Gov. John Bel Edwards urged the Legislature to boost public school teacher salaries, create a state minimum wage and repeal Louisiana’s seldom-used death penalty as he kicked off the final regular session as governor on Monday. Edwards’ final opening-day address was a far cry from his first, in 2016, when the state was staring at a $2 billion shortfall that was patched with temporary taxes and cuts to critical programs. Seven years later, Louisiana is sitting on $1.6 billion in surplus and excess revenue that will allow lawmakers to continue making new investments in infrastructure, early childhood education and other needs. The Advocate’s James Finn reports

Edwards also urged caution, saying that the state’s outlook could sour if lawmakers don’t make sound financial choices leading up to the 2025 expiration of a .45-cent sales tax increase that generates around $418 million annually. … Besides proposing the annual teacher raises, which would cost Louisiana taxpayers about $196 million annually, Edwards has asked lawmakers to approve $23.4 million in yearly spending on pay increases for law enforcement and first responders and $51.7 million annually for the state Department of Education’s early childhood program.

GOP eyes work requirements for Medicaid and SNAP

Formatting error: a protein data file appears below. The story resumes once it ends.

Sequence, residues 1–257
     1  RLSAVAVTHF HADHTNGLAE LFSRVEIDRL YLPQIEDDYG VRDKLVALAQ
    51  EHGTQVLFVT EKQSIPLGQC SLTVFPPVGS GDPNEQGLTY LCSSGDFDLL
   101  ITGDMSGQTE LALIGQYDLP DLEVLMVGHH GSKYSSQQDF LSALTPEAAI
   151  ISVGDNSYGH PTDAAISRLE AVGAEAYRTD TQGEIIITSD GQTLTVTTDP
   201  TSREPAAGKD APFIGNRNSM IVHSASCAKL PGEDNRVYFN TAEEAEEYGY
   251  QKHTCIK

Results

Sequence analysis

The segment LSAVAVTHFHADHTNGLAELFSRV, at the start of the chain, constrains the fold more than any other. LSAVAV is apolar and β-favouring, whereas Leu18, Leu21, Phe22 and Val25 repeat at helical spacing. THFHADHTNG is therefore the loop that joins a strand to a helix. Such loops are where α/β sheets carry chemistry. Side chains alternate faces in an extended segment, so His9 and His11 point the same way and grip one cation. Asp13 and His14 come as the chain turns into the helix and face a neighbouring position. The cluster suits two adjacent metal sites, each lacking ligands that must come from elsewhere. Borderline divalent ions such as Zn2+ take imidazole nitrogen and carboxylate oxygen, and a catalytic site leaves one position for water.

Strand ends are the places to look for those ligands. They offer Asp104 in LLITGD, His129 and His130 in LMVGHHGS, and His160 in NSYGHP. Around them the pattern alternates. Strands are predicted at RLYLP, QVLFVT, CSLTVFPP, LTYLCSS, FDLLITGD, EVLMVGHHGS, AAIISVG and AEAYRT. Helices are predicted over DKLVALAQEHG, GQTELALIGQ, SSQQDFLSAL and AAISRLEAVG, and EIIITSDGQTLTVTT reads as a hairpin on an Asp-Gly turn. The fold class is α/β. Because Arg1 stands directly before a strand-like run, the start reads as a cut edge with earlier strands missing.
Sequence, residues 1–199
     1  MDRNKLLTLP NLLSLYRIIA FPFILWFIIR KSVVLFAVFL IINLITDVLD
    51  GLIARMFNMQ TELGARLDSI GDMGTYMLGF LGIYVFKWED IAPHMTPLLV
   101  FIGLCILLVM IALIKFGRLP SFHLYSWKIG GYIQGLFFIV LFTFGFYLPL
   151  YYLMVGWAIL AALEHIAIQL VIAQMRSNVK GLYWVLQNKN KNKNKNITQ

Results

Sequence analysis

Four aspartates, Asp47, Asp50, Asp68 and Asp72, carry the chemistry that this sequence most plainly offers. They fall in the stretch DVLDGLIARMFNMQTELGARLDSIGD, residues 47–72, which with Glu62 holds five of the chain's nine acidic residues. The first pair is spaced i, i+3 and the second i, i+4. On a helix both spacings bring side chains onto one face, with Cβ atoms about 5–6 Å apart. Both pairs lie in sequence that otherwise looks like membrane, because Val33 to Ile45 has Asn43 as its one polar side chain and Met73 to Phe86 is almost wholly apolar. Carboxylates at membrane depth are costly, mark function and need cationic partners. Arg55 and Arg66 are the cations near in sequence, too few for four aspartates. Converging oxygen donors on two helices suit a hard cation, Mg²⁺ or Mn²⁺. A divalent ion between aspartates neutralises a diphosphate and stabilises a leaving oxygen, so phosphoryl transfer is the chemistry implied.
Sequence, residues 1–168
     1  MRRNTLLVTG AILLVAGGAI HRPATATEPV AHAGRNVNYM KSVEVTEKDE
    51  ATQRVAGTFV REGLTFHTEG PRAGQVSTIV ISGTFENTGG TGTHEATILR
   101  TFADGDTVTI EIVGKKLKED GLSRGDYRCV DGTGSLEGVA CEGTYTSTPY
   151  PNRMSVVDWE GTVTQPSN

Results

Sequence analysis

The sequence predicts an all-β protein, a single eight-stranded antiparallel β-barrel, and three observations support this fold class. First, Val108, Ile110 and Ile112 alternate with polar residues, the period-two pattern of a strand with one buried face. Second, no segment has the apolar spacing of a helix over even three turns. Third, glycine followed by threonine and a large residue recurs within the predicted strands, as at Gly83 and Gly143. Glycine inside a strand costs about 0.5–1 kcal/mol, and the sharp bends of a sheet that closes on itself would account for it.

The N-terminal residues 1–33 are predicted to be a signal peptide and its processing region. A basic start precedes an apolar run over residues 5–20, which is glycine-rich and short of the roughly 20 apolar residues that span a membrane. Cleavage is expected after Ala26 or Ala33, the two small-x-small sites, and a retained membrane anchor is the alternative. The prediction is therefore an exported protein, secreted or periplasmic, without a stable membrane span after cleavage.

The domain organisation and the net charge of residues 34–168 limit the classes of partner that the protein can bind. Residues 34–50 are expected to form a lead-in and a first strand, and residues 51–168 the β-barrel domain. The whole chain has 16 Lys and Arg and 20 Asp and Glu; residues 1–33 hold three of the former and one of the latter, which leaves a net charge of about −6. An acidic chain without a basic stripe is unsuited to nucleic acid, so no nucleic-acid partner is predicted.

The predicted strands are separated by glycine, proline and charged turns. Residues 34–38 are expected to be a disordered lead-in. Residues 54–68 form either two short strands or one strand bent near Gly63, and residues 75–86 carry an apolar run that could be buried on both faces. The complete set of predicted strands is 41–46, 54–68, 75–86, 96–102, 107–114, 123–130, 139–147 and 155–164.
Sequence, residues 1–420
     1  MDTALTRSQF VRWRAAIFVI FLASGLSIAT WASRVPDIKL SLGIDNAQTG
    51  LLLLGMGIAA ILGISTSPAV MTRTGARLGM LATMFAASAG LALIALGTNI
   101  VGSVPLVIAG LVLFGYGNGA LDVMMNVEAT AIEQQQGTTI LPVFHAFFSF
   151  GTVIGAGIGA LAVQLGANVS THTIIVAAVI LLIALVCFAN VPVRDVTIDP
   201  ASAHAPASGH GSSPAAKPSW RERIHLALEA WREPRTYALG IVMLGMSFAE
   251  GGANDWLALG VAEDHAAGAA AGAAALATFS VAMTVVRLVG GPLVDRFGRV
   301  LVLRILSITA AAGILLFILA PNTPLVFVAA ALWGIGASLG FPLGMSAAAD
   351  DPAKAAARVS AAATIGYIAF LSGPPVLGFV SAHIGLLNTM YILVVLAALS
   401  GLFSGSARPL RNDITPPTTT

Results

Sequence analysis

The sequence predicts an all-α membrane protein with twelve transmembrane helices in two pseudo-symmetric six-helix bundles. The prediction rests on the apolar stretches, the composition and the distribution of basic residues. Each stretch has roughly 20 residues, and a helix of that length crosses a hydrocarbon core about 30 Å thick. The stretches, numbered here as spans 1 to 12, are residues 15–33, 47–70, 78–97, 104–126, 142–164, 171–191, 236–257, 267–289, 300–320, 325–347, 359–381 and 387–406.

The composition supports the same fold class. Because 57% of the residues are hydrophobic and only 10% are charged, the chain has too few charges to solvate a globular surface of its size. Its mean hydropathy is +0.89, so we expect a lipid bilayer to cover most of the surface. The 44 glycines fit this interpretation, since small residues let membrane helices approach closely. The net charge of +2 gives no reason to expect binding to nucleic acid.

House Republicans, struggling to come up with the budget cuts they want as a condition of raising the federal debt ceiling, have set their sights on food assistance and health care programs that support low-income families. The Washington Post’s Tony Romm and Rachel Roubein report that the latest plan involves imposing work requirements on people who get Medicaid coverage or Supplemental Nutrition Assistance Program (SNAP) benefits. 

The president has expressed a willingness to discuss broader fiscal issues with [House Speaker Kevin] McCarthy, but White House aides have outright rejected any changes to food stamps and Medicaid that reduce enrollment. “The President has been clear that he will oppose policies that push Americans into poverty or cause them to lose health care,” White House spokesman Michael Kikukawa said in a statement. “That’s why he opposes Republican proposals that would take food assistance and Medicaid away from millions of people by adding burdensome, bureaucratic requirements.” 

The Center on Budget and Policy Priorities offers a helpful explanation of why work requirements don’t work, and make it harder for people to find and maintain employment. 

“Pro-life” tax credits over funding for new parents and children
Louisiana law forces women to carry pregnancies to term even if they’ve been victims of rape or incest. But so far, Gov. John Bel Edwards hasn’t proposed any new funding to help pregnant women or their children since those restrictions became law. Instead, the governor has thrown his support behind a tax credit for controversial crisis pregnancy centers, and other lawmakers have similarly focused their efforts on “pro-family” tax credits rather than increased funding. The Louisiana Illuminator’s Julie O’Donghue reports: